Following the Prime Minister’s speech last night, here is a summary of the changes businesses are being asked to make, and when each comes in.
Businesses selling food or drink (including cafes, bars, pubs and restaurants), social clubs, casinos, bowling alleys, amusement arcades (and other indoor leisure centres or facilities), funfairs, theme parks, adventure parks and activities, and bingo halls, must be closed between 10pm and 5am. This will include takeaways but delivery services can continue after 10pm (from 24 September).
In licensed premises, food and drink must be ordered from, and served at, a table.
Customers must eat and drink at a table in any premises selling food and drink to consume indoors, on site (from 24 September).
Businesses will need to display the official NHS QR code posters so that customers can ‘check-in’ at different premises using this option as an alternative to providing their contact details once the app is rolled out nationally (from 24 September).
Businesses and organisations will face stricter rules to make their premises COVID Secure (from 28 September):
- A wider range of leisure and entertainment venues, services provided in community centres, and close contact services will be subject to the COVID-19 Secure requirements in law and fines of up to £10,000 for repeated breaches.
- Employers must not knowingly require or encourage someone who is being required to self-isolate to come to work.
- Businesses must remind people to wear face coverings where mandated.
Customers in private hire vehicles and taxis must wear face coverings (from 23 September).
Customers in hospitality venues must wear face coverings, except when seated at a table to eat or drink. Staff in hospitality and retail will now also be required to wear face coverings (from 24 September).
People who are already exempt from the existing face covering obligations, such as because of an underlying health condition, will continue to be exempt from these new obligations.
Guidance stating that face coverings and visors should be worn in close contact services will now become law (from 24 September).
Staff working on public transport and taxi drivers will continue to be advised to wear face coverings.
Working from home
To help contain the virus, office workers who can work effectively from home should do so over the winter. Where an employer, in consultation with their employee, judges an employee can carry out their normal duties from home they should do so. Public sector employees working in essential services, including education settings, should continue to go into work where necessary. Anyone else who cannot work from home should go to their place of work. The risk of transmission can be substantially reduced if COVID-19 secure guidelines are followed closely. Extra consideration should be given to those people at higher risk.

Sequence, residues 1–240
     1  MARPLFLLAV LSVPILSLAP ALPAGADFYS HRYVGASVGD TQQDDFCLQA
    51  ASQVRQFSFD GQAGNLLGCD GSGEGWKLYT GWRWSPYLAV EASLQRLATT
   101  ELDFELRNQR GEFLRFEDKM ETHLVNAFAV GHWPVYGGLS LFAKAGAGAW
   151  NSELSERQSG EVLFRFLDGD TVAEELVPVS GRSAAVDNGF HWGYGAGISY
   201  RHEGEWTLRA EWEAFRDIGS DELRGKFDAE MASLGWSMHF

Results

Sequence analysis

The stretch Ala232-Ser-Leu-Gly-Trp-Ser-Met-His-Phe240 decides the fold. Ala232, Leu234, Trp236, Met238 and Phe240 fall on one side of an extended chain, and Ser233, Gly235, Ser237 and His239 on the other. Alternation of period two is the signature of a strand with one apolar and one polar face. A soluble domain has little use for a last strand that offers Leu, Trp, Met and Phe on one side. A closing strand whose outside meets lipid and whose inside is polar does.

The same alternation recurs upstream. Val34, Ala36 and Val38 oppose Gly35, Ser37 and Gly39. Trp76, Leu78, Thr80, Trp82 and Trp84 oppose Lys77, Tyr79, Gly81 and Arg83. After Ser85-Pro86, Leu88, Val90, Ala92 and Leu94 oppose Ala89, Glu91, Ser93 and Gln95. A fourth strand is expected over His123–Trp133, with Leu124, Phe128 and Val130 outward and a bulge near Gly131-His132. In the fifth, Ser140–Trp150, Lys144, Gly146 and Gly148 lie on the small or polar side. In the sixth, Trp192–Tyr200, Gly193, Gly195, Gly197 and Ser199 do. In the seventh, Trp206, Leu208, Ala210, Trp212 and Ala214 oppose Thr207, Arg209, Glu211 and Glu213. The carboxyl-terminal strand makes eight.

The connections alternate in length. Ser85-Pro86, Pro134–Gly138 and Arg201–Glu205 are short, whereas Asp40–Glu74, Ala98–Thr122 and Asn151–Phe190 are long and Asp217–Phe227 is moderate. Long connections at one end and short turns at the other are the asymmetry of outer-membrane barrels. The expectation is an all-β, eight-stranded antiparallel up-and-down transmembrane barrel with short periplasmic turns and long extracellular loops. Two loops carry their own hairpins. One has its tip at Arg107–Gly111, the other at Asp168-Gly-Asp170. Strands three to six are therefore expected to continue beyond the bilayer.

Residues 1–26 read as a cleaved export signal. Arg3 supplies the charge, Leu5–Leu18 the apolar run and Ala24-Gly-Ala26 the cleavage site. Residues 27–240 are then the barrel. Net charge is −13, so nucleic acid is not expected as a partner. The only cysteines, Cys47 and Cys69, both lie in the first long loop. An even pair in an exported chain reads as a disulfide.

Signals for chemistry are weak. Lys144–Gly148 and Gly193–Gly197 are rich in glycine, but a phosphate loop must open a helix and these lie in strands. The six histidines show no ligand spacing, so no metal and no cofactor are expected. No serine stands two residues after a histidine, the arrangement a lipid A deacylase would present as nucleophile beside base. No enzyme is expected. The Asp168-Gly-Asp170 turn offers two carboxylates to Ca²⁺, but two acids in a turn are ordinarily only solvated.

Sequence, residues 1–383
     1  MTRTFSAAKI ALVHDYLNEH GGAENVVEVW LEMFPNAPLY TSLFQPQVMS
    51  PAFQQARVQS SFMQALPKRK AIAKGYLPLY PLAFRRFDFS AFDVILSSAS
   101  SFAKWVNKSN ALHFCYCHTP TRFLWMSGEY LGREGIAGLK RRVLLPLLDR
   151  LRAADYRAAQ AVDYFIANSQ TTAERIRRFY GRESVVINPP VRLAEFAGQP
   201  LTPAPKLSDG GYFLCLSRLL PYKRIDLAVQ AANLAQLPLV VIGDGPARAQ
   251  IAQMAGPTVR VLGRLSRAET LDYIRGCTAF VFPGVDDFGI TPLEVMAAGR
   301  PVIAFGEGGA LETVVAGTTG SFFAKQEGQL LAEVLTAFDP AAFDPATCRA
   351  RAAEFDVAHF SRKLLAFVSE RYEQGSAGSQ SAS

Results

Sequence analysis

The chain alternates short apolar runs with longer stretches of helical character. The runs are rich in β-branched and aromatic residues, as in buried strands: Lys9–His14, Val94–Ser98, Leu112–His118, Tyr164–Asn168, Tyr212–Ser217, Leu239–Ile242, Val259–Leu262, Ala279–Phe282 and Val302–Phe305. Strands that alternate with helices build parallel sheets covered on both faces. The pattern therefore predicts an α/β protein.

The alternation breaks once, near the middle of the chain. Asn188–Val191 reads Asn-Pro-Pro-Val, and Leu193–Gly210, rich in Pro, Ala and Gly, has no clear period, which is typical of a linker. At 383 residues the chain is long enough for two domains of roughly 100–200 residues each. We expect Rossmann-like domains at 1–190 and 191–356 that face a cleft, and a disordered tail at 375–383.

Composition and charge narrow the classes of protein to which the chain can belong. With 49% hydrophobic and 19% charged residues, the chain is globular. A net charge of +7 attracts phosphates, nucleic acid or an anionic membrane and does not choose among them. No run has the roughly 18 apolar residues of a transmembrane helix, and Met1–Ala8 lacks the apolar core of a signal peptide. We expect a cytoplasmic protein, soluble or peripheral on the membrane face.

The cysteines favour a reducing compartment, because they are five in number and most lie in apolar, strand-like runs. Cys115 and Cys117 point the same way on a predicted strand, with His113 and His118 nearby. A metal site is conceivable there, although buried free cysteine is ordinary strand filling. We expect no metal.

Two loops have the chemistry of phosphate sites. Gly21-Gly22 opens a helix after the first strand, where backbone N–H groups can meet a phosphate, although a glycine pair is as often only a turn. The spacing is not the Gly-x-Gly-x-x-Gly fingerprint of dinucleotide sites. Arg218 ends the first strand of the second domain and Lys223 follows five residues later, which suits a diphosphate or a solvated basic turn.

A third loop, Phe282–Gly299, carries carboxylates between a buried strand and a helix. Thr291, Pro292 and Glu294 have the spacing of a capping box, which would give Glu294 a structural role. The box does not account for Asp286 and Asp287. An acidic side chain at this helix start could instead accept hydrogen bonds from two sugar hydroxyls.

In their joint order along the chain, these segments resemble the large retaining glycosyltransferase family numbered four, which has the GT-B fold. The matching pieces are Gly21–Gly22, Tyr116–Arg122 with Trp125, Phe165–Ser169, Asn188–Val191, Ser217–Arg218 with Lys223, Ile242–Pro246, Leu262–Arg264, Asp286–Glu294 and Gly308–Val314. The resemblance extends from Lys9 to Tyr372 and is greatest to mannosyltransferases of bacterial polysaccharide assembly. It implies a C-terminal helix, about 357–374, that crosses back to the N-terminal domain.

It is critical that everybody observes the following key behaviours:
HANDS – Wash your hands regularly and for at least 20 seconds.
FACE – Cover your face in enclosed spaces, especially where social distancing may be difficult and where you will come into contact with people you do not normally meet.
SPACE – Stay 2 metres apart where possible, or 1 metre with extra precautions in place.
NHS Test & Trace Update
From 18 Sep, the UK gov made it a legal requirement for venues in the sectors below to have a system in place to collect NHS Test and Trace data & keep this for 21 days.
The data logged should include at least one name, contact number, date of visit and arrival and, where possible, departure time.
From 24 September when the NHS Covid-19 app becomes available, it will also be a legal requirement for the same venues to display an NHS Test and Trace QR poster, which enables visitors with the app to check-in at that location.
The venues affected include those in the following sectors:
- leisure and tourism
- close contact services (such as salons)
- places of worship; and
- local authority venues (such as town halls and children’s centres)
The requirement to display the poster does not replace your current methods of collecting customer data, as visitors may not have or use the app.
Organisations in certain sectors should collect details and maintain records of staff, customers and visitors on their premises to support NHS Test and Trace.